“It doesn’t take a rocket scientist to understand that the lower the flow temperature required for central heating, the more efficient the performance of the system,” says Adrian Troop, Nu-Heat’s Sales & Marketing Director. “Underfloor heating is an extremely practical choice to support the drive towards energy efficiency and, as such, continues to offer opportunities for installers wanting to explore new business openings.”
Underfloor heating (UFH) is the perfect partner for most kinds of heat source, including condensing boilers and renewable technologies such as heat pumps. By enabling the lowest flow temperatures to be achieved, UFH helps to maximise efficiency and improves heating bills. It is an extremely flexible product and can be installed in a wide variety of building types including new build (domestic and commercial), renovations and increasingly in retrofit, through the use of low profile floor constructions. UFH is being successfully used in a diverse range of properties, from family homes, barn conversions and apartments to offices, hospitals and even castles.
UFH works well with screed floors, floating floors and suspended floors, each meeting different requirements with regard to specification and installation. Screed is the simplest floor construction and often gives the best performance as screed is such a good heat conductor. The output from a suspended floor is lower than screed but good system design will ensure that output requirements are easily met. Floating floors have a higher heat output than suspended floors although still not as high as screed; however, installation time is quicker as there is no drying time to be factored in, making this a popular and effective option.
The potential of UFH to support low temperature heating systems in older properties has frequently been dismissed due to questions surrounding floor height build up, response times and insulation, but recent developments in floor constructions suitable for retrofit now make UFH a feasible option. For example, Nu-Heat’s low profile UFH floor construction LoPro10™ has a height build-up of just 15mm and can be laid over the existing deck, so there is no requirement to pull the existing floor up. With one-third less thermal mass than a screed floor, LoPro10™ heats up rapidly, which is an obvious advantage in older properties.
To get the best performance insulation levels will need to be increased through improvements such as double-glazing, loft and cavity wall insulation, meaning that Georgian and Victorian properties with little or no insulation are generally unsuitable for UFH due to the poor levels of air tightness. A design and supply company such as Nu-Heat will advise on the suitability of underfloor heating on an individual basis as well as provide projected performance details and a bespoke design for each system.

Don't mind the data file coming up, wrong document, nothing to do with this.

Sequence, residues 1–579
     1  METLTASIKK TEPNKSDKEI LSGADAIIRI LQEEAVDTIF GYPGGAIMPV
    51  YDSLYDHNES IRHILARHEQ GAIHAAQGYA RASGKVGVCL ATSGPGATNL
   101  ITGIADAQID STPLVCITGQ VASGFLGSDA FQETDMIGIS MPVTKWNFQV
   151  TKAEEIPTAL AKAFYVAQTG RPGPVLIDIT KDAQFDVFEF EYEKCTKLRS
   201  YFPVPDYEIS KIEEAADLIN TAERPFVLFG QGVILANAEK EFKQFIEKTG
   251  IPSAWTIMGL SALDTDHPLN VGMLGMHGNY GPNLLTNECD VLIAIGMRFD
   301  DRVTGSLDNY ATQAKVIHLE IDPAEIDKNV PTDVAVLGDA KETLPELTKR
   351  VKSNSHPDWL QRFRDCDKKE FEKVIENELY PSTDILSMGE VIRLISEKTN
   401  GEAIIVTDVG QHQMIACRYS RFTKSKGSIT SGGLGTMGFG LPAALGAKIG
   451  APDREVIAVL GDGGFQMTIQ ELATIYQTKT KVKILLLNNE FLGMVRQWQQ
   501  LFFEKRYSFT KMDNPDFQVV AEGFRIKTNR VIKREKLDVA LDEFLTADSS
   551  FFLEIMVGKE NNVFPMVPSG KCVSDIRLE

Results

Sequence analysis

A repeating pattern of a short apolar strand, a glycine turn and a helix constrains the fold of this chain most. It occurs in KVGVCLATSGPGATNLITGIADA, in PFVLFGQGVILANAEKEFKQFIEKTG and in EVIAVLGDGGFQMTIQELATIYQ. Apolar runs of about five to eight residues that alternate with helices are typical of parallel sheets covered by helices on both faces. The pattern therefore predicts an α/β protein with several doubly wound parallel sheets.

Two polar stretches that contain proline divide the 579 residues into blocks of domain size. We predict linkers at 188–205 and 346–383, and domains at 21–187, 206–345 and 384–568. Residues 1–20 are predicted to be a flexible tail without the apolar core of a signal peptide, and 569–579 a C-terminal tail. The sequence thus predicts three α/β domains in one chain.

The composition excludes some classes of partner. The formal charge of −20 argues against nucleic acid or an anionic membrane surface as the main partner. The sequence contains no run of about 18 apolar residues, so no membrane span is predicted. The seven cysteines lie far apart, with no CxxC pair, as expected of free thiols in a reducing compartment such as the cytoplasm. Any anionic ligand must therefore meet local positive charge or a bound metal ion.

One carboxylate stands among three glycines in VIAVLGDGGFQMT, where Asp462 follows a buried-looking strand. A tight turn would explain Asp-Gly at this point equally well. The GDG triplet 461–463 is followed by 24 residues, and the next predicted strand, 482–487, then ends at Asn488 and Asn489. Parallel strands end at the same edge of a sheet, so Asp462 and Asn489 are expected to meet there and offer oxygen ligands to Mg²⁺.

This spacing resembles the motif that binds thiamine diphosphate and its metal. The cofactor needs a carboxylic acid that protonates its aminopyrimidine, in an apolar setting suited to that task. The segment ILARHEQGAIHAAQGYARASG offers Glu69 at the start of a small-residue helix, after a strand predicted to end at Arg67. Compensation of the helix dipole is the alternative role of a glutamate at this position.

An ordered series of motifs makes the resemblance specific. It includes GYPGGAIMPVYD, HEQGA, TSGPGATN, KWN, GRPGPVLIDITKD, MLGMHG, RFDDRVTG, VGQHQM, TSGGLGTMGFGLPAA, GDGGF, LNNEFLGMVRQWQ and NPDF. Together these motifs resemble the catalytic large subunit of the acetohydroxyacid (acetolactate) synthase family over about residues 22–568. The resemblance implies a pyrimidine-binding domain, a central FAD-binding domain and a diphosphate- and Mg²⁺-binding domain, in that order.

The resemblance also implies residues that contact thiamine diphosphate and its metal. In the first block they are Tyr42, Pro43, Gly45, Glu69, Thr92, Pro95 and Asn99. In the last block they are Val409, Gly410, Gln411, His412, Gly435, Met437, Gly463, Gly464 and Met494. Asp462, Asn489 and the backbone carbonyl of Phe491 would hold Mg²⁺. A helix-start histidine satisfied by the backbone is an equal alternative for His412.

System design is key to good performance so it’s important to establish the most suitable floor construction and flow rates for a property. Nu-Heat takes elements such as existing insulation and heat loss parameters into account to ensure that not only the desired amount of heat is provided but that the system is also economical and efficient.
For many domestic installers, the light commercial market presents opportunities for UFH installation. Care homes, social housing, holiday complexes, schools, showrooms and warehouses are all potential applications for UFH. The system is relatively straightforward to install, as long as it has been well designed and is supported by clear, comprehensive installation documentation.
Nu-Heat usually supplies 14mm pipe for domestic properties, whereas commercial projects use a 20mm pipe system that is flexible and easily worked into spaces greater than 45sqm. For acoustic floor constructions that meet Part E, Nu-Heat has over a dozen commercial Robust Detail (RD) options and has recently developed AKA 14, which, although it is not RD, has been tested and proven to meet required acoustic levels whilst removing the need for a second layer.
Heat source – heat pumps
Underfloor heating and heat pumps are widely recognized as perfect partners as they are both suited to the low temperatures needed to maximize system efficiency – the higher the flow temperature that the heat pump is asked to produce the less efficient it becomes. As a result, UFH, which typically operates at a low temperature of 40-45 oC, allows the heat pump to operate at optimum efficiency and ultimately minimize fuel costs for the homeowner. Further reductions in flow temperatures to around 30oC – 40oC can be achieved by using additional tubing and more efficient floor constructions.
Heat source – condensing boilers
For properties that remain reliant on fossil fuels, the best option is for the homeowner to upgrade their boiler to a condensing boiler. Where a conventional boiler is 85% efficient, a condensing boiler can be up to 92% efficient. The condensing boiler actually needs less fuel to raise the temperature of the heating water by the same amount. This means that UFH will offer better energy efficiency than a radiator system which cannot make the most of a condensing boiler’s capabilities at typical system temperatures.
Code 6 is getting closer, with just three more years until it becomes mandatory. In the run up to 2016, flow temperatures will become increasingly lower – and effective heating may well be achieved at just 35°C. As the business of heating houses changes, UFH continues to offer a way to reach lower temperatures, and remains an ideal solution for many applications.